Saturday, October 6, 2012

Saturday Night Soup For the Soup (05)

erhaps it was the scent and flavor of the delightfully pungent Paella Valencia and the Spanish tinged New Years party I attended. Or maybe I have drifted into an old world mood. In any case, this week, we feature a savory and most Succulent Spanish Soul Soup.

This week you will the  opening  composition from Miles Davis's landmark Sketches of Spain recording. Old world Spain meets new world 1960 Black America.

1960: This is the world into which AMC's Mad Men begins in season one.  The Howdy Doody 
show ends after a 13 year run, Captain Gary Powers spy plane shot down over the USSR, Khrushchev pounds his shoe on the podium of the U.N., John F. Kennedy wins the presidency by beating Richard Nixon, Castro, Enovil 10, first contraceptive pill is sold for .50 cents each and the sexual revolution is off and running...

...and the Beatles are just beginning their launch into orbit in the seedy bars and clubs of Hamburg fueled by amphetamines, booze, and a kaleidoscope of sex, and surrounded by a circus of whores, pimps, gangsters, transvestites, homosexuals, skin heads, arty extentialists, and walking talking freak shows of every stripe.

All of this, and much, much, more can be found inside Sketches of Spain, if you have ears that can hear what is hidden between the notes.

" Ask not what your country can do for you; Ask what you can do for your country"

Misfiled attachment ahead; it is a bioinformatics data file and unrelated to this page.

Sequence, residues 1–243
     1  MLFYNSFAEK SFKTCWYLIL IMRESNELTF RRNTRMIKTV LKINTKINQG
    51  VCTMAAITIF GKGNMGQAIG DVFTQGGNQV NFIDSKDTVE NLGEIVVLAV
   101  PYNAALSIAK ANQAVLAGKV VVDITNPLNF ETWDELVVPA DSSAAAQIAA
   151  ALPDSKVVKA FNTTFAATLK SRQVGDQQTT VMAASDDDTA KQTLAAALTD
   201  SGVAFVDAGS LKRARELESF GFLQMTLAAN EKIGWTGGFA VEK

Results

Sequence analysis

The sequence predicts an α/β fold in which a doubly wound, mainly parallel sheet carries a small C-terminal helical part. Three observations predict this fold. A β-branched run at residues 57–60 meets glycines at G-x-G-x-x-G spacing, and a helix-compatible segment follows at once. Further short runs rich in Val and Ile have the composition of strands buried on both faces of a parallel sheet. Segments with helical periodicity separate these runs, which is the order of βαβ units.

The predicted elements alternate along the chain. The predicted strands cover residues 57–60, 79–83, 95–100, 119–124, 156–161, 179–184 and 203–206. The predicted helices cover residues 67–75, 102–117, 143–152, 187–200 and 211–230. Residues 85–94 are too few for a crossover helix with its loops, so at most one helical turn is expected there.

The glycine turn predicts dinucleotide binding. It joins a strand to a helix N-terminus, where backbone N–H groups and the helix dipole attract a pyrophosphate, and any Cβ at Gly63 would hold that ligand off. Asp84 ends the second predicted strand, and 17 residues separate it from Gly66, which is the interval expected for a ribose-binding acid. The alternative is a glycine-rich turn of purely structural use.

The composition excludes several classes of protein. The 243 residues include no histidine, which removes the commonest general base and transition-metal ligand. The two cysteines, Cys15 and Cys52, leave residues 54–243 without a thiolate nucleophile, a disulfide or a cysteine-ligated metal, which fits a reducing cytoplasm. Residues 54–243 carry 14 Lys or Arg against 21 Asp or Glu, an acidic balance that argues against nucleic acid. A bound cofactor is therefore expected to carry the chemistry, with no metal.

1. Concerto de Aranjuez (adagio). This Miles Davis and Gil Evans collaboration  is based on a Spanish composer Joaquin Rodrigo’s Concerto For Guitar and Orchestra. For me, it conjures up the atmosphere of Castro parading triumphantly into Havana. I am sure I heard this when I was a child, as there was a sense of familiarity for me from the very first notes. – perhaps on a CBS documentary on Fidel Castro?" 

This composition is featured in Man Men Season One Episode Eight where Don visits his Bohemian girlfriend, gets high smoking pot, and listens to Miles Sketches of Spain.  


You can get your delecious bowl of Saturday Night Soup for the Soul by clicking the jukebox.


RIC said...

On the Concerto de Aranjuez: there's a sung version of it in French called «Aranjuez mon amour». So to me that association you somehow do with martial music strikes me as odd. But then again we all have different memories of music, and often the first time plays a dominant role...

The Thunderbird said...

Oh that sounds very nice. A vocal to accompany this composition. will look for it.